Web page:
The difference here is this fake Hispanic, in reality Welsh Irish man, has never really done anything!

  2. Not true! Not true! He’s gotten away with drunk driving and married an heiress. The Kennedys call that a good start.

  3. “…for a media that always has its greasy thumb on the scales for Democrats.”

    I really don’t see this changing anytime soon

  4. Don, I remember way back when I lived in Massachusetts in the ’70’s Teddy was campaigning for the Senate seat again and they had a ‘man on the street’ segment on WBZ TV in Boston where people at random were asked for whom they would vote and one man summed up the mentality in the Bay State, especially in Boston; “Well he’s a Kennedy and this is Boston, who else would we vote for?” Massachusetts is in dire need of another Tea Party.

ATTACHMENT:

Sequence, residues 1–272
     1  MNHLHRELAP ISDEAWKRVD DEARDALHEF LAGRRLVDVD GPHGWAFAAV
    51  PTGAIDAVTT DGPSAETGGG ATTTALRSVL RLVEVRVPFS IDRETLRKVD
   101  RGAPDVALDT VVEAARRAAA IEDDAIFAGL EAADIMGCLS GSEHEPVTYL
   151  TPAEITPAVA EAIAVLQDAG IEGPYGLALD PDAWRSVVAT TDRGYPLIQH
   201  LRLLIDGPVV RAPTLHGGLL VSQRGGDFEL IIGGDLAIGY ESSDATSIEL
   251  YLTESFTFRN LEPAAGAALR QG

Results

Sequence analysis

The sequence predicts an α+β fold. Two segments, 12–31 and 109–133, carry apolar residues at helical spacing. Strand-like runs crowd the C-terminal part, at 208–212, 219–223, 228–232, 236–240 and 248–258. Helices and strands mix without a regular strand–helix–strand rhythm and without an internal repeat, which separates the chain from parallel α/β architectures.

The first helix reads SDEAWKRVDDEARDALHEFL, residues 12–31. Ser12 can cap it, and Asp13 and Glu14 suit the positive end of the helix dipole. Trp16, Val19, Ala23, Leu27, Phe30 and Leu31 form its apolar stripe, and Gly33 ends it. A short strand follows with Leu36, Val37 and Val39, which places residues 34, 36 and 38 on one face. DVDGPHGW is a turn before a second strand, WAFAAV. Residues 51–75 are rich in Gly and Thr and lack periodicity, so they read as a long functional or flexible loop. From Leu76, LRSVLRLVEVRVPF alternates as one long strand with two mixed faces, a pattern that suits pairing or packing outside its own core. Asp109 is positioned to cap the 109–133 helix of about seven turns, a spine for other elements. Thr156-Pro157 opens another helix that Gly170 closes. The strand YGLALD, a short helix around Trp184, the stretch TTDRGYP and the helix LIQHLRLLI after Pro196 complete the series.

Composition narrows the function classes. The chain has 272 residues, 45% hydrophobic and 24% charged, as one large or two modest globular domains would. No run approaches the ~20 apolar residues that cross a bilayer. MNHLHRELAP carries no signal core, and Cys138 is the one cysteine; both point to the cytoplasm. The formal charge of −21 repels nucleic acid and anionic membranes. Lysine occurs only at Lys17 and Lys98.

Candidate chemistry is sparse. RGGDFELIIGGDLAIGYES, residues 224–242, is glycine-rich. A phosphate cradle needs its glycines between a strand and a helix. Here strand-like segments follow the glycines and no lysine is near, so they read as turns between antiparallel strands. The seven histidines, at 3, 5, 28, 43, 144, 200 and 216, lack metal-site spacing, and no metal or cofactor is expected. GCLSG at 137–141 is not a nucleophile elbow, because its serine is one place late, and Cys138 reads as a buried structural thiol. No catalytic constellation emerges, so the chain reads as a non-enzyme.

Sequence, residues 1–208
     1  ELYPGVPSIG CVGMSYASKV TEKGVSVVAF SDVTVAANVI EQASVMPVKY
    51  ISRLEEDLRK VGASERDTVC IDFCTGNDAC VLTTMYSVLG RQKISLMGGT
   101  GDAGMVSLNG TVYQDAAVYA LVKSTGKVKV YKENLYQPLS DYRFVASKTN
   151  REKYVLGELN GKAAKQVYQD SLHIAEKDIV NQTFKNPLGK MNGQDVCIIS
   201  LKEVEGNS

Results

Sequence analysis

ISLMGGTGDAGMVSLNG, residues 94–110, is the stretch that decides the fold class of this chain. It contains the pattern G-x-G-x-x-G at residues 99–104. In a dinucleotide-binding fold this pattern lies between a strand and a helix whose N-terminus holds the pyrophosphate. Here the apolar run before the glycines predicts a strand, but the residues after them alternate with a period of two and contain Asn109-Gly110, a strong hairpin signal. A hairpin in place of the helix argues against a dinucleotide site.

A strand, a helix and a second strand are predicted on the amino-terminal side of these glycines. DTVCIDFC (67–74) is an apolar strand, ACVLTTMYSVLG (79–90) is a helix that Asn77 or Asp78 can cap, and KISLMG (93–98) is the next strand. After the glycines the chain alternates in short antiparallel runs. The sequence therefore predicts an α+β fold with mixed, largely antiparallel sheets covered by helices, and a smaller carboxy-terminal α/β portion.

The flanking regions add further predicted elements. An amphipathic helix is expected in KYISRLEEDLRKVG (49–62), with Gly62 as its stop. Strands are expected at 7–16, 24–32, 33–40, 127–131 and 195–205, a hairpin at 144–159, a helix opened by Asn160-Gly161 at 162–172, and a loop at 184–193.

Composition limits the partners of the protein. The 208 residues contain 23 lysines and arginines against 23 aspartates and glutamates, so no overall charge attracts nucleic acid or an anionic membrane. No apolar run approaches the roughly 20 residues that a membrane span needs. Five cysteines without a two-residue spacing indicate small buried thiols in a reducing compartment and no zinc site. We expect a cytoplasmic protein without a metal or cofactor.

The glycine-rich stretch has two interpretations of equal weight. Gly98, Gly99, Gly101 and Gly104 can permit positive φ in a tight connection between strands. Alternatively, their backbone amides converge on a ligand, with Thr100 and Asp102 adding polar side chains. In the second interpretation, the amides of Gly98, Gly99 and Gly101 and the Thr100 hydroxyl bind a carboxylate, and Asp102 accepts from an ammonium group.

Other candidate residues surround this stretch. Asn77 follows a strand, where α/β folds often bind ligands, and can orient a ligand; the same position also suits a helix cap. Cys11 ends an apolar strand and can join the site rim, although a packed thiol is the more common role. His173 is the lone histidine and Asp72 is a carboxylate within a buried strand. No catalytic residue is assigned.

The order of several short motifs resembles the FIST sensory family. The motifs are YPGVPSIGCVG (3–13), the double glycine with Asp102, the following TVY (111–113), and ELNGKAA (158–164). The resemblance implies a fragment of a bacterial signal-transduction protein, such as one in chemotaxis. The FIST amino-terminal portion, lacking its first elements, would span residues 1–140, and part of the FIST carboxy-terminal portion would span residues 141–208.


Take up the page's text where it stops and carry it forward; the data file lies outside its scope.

5. I think Trump has helped show how to neutralize the thumb to a certain extent. Call them on it every chance, and never be deluded enough to think that you can make friends in the media. John McCain was the media’s favorite Republican, except in the general election of 2008 when he received the usual press treatment of a Republican. Any Republican who does not run against the media, at least on the national level, is too stupid for the office he is running for.

  6. One problem is that almost 30% of Americans believe the media’s lies.

    Ninety-percent of Post-modern American journalism is all about determining what not to report because it poorly reflects on the Dems/left; and covering those stories with pillows until they stop breathing.

    Another of O’Rourke’s “pillow/DOA stories” is his writing about deliberately running down with his car little children.

    Mr. McClarey, You perfectly summarize the McCain and Romney candidacies, and the establishment-GOP, in general.